When it comes to deer antlers, the rut gets all the headlines. After all, this is the time when males literally bump heads to decide who gets the female. However, while males enter the rut with their antlers as hard as possible, there is a process that allows that to happen. Deer velvet shedding is key to this process but is not as widely discussed.
What is Deer Velvet?
Velvet is the soft fuzzy layer that covers male deer antlers for a small window of time each year. While it is beautiful, the purpose of velvet is much more functional than it looks.
Many people assume velvet acts as some sort of weatherproofing for cold times of the year, but this is a misconception.
This concentrated network of blood vessels and nerves is actually a protective layer for the hardening antlers underneath. It allows the antlers to reach their full potential so that they can be used by the male during rutting season.
During a five-month period, the velvet provides nourishment and protection to the hardening antlers beneath, helping them grow big and strong.
In fact, velvet is one of the biggest contributing factors to deer antlers being the fastest growing tissue of any mammal.
Antlers can go through as much growth in a week as human hair would in half a year.
What is Deer Velvet Shedding?
Yes, the velvet is soft and visually appealing, but at some point, the deer needs to shed the material to reveal its new antlers.
This shedding process is amongst the goriest sights in nature as the dense blood vessels burst and the velvet falls in red rags from the deer’s rack of antlers.
Velvet is also a commodity, and for centuries people have taken the fallen velvet and used it for medicinal and other purposes.
Deer have no control over the growth of their antlers, instead relying on a synchronization with nature.
Let There Be Light
Specifically, growth centers around the changing light across seasons. For example, during the spring there is more daylight, which triggers an increase in testosterone. This surge of hormones results in growth of the male’s neck muscles and antlers.
Bucks must feed a lot leading up to and through spring and summer to receive the nutrition necessary to grow antlers. How much food a deer eats can directly contribute to the size of their antlers.
Age is More Than a Number
Age is another factor. It is common to see males described as a “4-point” buck or something similar. The number of points refers to how many spikes there are on an antler.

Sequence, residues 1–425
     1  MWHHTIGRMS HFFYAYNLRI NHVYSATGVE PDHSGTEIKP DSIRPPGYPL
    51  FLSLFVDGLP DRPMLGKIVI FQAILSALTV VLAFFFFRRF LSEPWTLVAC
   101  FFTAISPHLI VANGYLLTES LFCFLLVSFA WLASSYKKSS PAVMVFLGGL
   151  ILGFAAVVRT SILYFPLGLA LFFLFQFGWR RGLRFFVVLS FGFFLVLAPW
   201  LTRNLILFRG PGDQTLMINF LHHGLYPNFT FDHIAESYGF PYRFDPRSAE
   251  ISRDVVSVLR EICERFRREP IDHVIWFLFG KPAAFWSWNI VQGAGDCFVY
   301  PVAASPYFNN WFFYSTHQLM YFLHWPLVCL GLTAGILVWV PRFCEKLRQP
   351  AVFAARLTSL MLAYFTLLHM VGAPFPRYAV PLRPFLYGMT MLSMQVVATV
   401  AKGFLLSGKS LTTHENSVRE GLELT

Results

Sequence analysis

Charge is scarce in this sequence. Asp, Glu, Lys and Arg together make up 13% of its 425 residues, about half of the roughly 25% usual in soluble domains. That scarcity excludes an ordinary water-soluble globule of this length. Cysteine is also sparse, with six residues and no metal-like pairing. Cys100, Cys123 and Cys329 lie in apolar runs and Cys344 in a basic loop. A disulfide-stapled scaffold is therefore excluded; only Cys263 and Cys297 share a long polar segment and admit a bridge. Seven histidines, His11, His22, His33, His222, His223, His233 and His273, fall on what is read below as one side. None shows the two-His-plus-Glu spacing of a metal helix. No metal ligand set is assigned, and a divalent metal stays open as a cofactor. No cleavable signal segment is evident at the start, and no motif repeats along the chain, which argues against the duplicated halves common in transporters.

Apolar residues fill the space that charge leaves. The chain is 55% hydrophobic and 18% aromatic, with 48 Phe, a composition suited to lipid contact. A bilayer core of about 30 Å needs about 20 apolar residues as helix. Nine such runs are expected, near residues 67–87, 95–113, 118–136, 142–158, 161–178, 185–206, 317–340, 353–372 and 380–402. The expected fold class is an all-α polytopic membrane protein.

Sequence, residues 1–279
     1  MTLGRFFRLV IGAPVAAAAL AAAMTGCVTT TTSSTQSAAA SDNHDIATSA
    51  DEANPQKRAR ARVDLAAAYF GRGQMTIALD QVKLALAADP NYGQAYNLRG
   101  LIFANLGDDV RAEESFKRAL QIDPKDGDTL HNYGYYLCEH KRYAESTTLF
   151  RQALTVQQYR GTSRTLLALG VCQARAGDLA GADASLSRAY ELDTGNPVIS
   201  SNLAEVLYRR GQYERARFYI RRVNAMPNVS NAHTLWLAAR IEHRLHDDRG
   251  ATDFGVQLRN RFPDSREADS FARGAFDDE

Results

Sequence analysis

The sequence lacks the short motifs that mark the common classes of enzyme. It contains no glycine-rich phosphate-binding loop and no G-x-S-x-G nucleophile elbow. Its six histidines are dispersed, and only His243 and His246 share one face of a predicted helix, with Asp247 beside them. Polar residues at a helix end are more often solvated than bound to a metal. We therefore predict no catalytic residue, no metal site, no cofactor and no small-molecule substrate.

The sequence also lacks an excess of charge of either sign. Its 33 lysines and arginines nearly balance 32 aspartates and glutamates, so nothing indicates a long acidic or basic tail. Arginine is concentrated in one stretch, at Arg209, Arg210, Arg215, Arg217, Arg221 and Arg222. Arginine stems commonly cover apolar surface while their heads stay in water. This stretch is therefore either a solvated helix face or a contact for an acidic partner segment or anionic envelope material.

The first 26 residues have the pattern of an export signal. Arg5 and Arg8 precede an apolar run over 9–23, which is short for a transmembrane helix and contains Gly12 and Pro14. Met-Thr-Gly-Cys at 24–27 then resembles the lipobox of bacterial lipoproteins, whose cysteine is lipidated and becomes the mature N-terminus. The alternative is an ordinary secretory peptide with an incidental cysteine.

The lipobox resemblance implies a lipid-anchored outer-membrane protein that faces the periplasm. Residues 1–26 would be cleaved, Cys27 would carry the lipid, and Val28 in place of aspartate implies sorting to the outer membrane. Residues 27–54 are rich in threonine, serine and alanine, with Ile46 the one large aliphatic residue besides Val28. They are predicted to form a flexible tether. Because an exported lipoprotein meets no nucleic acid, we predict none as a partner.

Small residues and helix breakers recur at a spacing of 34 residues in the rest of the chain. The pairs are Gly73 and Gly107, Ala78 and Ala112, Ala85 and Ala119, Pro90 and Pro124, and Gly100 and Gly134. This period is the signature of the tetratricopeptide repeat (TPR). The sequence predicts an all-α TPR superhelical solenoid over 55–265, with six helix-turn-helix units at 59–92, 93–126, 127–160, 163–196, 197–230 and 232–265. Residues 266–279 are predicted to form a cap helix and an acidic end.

Older and stronger bucks will usually have the most points, and those male deer are prized by hunters and taxidermists alike.
Peeling off the Velvet
Despite the rut being months away, male deer start to prepare to face off against rivals for the affections of females early.
The velvet keep the antlers safe during this time to ensure that they can reach their full potential. When velvet shedding happens, it is the signal that the rut is beginning.
During the final stages before shedding, the buck will already be displaying behaviors used in the rut.
Over the weeks heading to the rut, antler velvet will peel off, usually around mid-August. It is during the peak of summer when the tissue in the antlers mineralizes and hardens as the blood flow is cut off.
For deer shedding velvet and peeling it off is a tricky task that results in strips of bloody material hanging from the new antlers.
Some bucks get the job done quickly and a full shed can take just a few hours. For some males, it is a task that can last for days. Over the shedding period, the deer will try to remove the blood-filled velvet by rubbing against trees and even biting off hanging pieces if they can reach them.
The period when bucks have velvet on their antlers is an interesting time. They seem to be living in harmony with one another.
It is a stark contrast to the all-out war of the rut.
During the summer when antlers are still in velvet, a dominance hierarchy exists, even if there doesn’t seem to be one. Bucks will instead use posture, bumping, and pawing to assert themselves. These methods avoid putting the sensitive velvet at risk.
Around Labor Day each year, the velvet shedding season begins in earnest, and lasts until approximately late September. Once the velvet is shed, all bets are off.
The Bachelor Group
As noted, bucks will pal up with other males during the velvet stage of antler growth through the summer. These gangs of males will forage for food together, sleep close to each other, and generally just be buddies.
Bachelor groups of deer can reach over 10 bucks and very few dominance displays are evident.
We know the rut happens shortly after velvet shedding, but bucks react differently to the transformation. For example:
- Some males will remain friendly with others who were in their bachelor group.
- Some will outright avoid any fighting, especially if they are weak.
- Others will move away from their groups, especially older animals.
Of course, some will engage in all-out war and fight with each other. They will also be more visible and engage in pre-mating behaviors.
With the velvet shed, the full-strength antlers are now on display and are used during the rut. Eventually, deer shed the antlers themselves, and start the process anew